- Just before their third year, students are introduced to an EHR simulator that allows them to suggest and enter medications, look at laboratory results and X-rays, make patient care decisions, and receive feedback -- all with no harm to anyone. When they later rotate through their clinical training sites, they learn more about the many different types of EHRs.
- In their fourth year, students can take a medical informatics elective to learn about higher-level health IT applications, such as telemedicine and robotics.
"Since we have a community-based model of care, serving 16 counties throughout northeastern and north-central Pennsylvania, the EHR is important to use, but we don't substitute bells and whistles for good patient care," Hogan said.
Hogan, who is a commissioner with the nonprofit Certification Commission for Health Information Technology, said she thinks the many functions and uses of EHRs actually can encourage students to practice in primary care specialties.
"If students have been reluctant to go into primary care because of the volume of patient data, I think an EHR can instill confidence through the tracking and aggregation of clinically relevant information," Hogan said, explaining that with an EHR, individually tailored treatments can be established and monitored for complex patients, with integrated lab reports, drug alerts and other patient data in one place.
The Liaison Committee on Medical Education, or LCME, the accrediting authority for medical education programs leading to the M.D. degree in U.S. and Canadian medical schools, is working to incorporate language about electronic health records, or EHRs, into its standards.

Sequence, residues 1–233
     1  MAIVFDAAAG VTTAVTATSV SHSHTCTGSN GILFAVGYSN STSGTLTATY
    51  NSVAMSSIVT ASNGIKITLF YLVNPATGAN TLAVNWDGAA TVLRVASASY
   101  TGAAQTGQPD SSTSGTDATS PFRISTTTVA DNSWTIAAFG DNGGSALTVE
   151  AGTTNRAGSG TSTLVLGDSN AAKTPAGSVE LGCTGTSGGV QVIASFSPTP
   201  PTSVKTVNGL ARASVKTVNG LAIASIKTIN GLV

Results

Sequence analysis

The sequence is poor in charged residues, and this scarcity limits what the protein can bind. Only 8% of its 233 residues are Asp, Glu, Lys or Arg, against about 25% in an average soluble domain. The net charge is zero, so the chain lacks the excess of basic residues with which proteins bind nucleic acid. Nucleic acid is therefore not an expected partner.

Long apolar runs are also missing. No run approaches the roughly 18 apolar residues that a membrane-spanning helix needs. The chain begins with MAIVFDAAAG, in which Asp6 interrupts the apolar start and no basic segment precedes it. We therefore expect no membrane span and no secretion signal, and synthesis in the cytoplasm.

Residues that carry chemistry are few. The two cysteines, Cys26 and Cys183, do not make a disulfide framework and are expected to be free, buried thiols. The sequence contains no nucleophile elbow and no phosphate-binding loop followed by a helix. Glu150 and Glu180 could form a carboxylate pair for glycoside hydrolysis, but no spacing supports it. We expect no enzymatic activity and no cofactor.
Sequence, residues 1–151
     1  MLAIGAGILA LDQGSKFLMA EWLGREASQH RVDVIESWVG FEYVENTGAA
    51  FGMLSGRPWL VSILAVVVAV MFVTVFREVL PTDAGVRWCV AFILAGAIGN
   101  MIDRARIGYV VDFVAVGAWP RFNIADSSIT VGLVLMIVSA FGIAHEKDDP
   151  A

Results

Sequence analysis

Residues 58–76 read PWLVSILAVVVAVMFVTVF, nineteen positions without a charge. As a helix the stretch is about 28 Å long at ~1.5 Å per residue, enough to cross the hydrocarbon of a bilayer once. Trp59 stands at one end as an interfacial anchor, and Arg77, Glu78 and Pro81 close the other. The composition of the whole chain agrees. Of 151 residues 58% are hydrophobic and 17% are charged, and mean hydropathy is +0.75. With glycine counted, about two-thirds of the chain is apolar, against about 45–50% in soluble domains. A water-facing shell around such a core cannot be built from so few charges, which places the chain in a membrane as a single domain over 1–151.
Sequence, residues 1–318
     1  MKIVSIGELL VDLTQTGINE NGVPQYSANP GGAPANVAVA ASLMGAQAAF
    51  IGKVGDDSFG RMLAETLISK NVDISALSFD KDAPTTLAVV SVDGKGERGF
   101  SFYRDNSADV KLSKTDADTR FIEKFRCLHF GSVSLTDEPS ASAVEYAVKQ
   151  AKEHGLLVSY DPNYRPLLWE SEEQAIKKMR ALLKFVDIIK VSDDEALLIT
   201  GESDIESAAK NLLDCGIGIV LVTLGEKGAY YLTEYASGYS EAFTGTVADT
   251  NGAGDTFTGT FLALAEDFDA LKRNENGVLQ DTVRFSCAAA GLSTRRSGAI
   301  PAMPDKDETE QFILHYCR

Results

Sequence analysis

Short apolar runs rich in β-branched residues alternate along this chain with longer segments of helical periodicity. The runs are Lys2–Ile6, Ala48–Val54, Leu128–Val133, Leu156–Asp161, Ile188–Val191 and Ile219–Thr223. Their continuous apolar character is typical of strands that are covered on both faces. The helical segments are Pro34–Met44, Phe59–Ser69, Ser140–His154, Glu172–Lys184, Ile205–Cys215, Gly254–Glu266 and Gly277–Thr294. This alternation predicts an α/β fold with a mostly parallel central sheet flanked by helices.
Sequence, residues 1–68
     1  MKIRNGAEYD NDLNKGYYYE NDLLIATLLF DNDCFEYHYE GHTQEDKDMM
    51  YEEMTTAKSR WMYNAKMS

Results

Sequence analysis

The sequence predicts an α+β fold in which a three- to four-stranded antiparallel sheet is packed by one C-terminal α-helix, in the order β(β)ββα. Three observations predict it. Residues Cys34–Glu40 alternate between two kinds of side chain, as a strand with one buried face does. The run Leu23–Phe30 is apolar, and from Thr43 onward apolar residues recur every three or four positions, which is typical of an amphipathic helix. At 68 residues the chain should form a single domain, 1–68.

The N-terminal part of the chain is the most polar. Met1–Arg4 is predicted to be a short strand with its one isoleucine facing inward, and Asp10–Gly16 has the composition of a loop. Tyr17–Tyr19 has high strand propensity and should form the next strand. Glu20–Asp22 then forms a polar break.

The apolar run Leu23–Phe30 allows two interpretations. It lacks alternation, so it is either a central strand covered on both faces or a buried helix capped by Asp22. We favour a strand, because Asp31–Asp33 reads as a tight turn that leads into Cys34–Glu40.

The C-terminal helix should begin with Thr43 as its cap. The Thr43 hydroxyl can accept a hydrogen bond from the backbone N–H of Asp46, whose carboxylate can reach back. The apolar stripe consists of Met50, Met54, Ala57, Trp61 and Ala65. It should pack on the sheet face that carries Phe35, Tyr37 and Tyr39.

"This is an important topic," said Dan Hunt, M.D., M.B.A., senior director for accreditation services and co-secretary of the LCME. Although modifying the standards is a lengthy process, he noted, the committee has made a start by working with David Blumenthal, M.D., national coordinator of health information technology, to include items related to EHR training into questions the LCME already asks schools regarding their use of information resources.
Two questions may be added, said Hunt:
- Do students have an opportunity to learn to use an EHR?
- Where do they learn about the use of EHRs for quality improvements?
The latter point is especially relevant for students, Hunt said. "They need to see the use of (the EHR) tool for their future practice."
The Florida State University, or FSU, College of Medicine in Tallahassee is primary care-focused and community-based, and it also has an integrated medical informatics curriculum. According to Nancy Clark, M.Ed., the college's director of medical informatics education, highlights include:
- In the clinical skills and simulation center, paper records are being replaced with an EHR so first- and second-year students can learn how to use it during simulated patient and smart mannequin cases.
- During their third year, students spend one-half day a week in a primary care physician's office at one of 120 sites, where they use the EHR to manage a panel of patients with a chronic disease. In a special activity, students build the records of six patients in an EHR that's loaded onto their own laptops and that runs offline. The students describe patients' problems and medications, enter laboratory results and vital signs, and use chronic disease flow sheets and health maintenance reminder systems. They also write encounter notes for each visit.
- Fourth-year students complete a one-month clerkship in geriatrics, during which they follow patients across multiple sites of care -- for example, from the hospital to a rehabilitation center or to home. Using an EHR customized with geriatric templates, students can export and e-mail their charts to their clerkship director for review.
Still, say these educators, their institutions are grappling with how to introduce EHRs and other technical concepts earlier and in a more structured way.
"It's critical to teach our medical students that this is where we're headed and this is what it will be like to be a primary care physician in the future," Agresta said. "In many ways, it will make primary care a better type of job -- more enjoyable, more manageable. Right now, we're at the 'perfect storm' stage."